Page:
Accompanying the formation of the nation-state and the national community was the emergence of the international world. The notion of the international world was closely associated with the system of international law, generally referred to as the Jus Publicum Europœum; in the early phases of modernity it did not mean the comity of the states covering the entire earth as it does today. The international world meant the part of the world in which the territorial sovereign states ruled, and, in due course, the rest of the world that did not accept the system of international law was excluded from the international world. Consequently the disciplinary configuration in the Humanities reflects this political reality of the modern world and has developed within the institutional framework that, in recent decades, has been referred to as “the West and the Rest” and as the distinction implied above of Humanitas from Anthropos. While knowledge production in the Humanities has been legitimated by a universalistic search for human nature in every historical era and every location on the planet earth, the disciplines of human sciences have been organized according to a historically-specific economy of generality and particularity for more than two centuries.
The community, “nation,” is an entirely new social formation, in which the principle of kinship affiliation has played only a restricted role in creating the sense of individual identity. The nation introduced an entirely different form of individual identification and camaraderie, and a strict distinction of insiders from outsiders of the national community of sympathy. The nation is unprecedented as a social formation because what constitutes the bonds of collective attachment among its members is an aesthetic construct, described as “the sentiment of nationality” by British Liberalism. Corresponding to this sentiment of nationality is the idea of the national language, which supposedly inheres in every native member of the nation, and is imminent in the feeling of its collective identity. Nationalism holds that the national language can be traced back to a prehistoric origin. But, of course, this is a fiction that helps sustain the reality of the nation as a fictive ethnicity.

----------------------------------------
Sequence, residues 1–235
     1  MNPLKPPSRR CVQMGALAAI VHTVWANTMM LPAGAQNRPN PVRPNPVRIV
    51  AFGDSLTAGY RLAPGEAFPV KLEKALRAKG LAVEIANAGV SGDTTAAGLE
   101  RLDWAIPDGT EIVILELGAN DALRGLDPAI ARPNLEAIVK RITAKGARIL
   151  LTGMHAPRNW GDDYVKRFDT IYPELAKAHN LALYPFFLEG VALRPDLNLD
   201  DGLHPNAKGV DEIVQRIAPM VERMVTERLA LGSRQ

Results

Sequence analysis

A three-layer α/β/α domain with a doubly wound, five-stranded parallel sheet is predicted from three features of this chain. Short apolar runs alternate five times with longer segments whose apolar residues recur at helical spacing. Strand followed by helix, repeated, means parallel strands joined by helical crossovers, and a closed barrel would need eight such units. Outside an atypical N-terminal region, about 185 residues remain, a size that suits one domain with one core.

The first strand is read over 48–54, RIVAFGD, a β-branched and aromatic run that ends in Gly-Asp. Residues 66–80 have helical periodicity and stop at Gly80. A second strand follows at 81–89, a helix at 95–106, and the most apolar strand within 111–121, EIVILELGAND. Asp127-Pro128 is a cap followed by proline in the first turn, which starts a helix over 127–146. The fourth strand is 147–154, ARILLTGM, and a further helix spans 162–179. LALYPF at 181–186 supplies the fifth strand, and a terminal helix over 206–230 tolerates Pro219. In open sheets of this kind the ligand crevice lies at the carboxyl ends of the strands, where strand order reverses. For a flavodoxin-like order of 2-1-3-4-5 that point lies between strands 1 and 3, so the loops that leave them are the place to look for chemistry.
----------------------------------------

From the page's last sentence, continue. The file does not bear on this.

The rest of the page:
Despite the myth of its origin, however, the national language itself is always a product of internationality, of a comparative procedure by which one language is posited as external to another. It does not derive from the past of the remote origin. Rather it is constituted in relation to another language, through what Naoki Sakai has elsewhere called the schematism of co-figuration. All the modern national languages, English, German, French, Japanese, Chinese, and so on were formed through the modern regime of translation at the demise of the authority associated with classical universal languages. Ever since the birth of the modern university in the eighteenth century in Europe, the disciplines in the Humanities have been organized with a view to the production of national subjectivity, as what Jon Solomon called “the subjective technology of national translation.”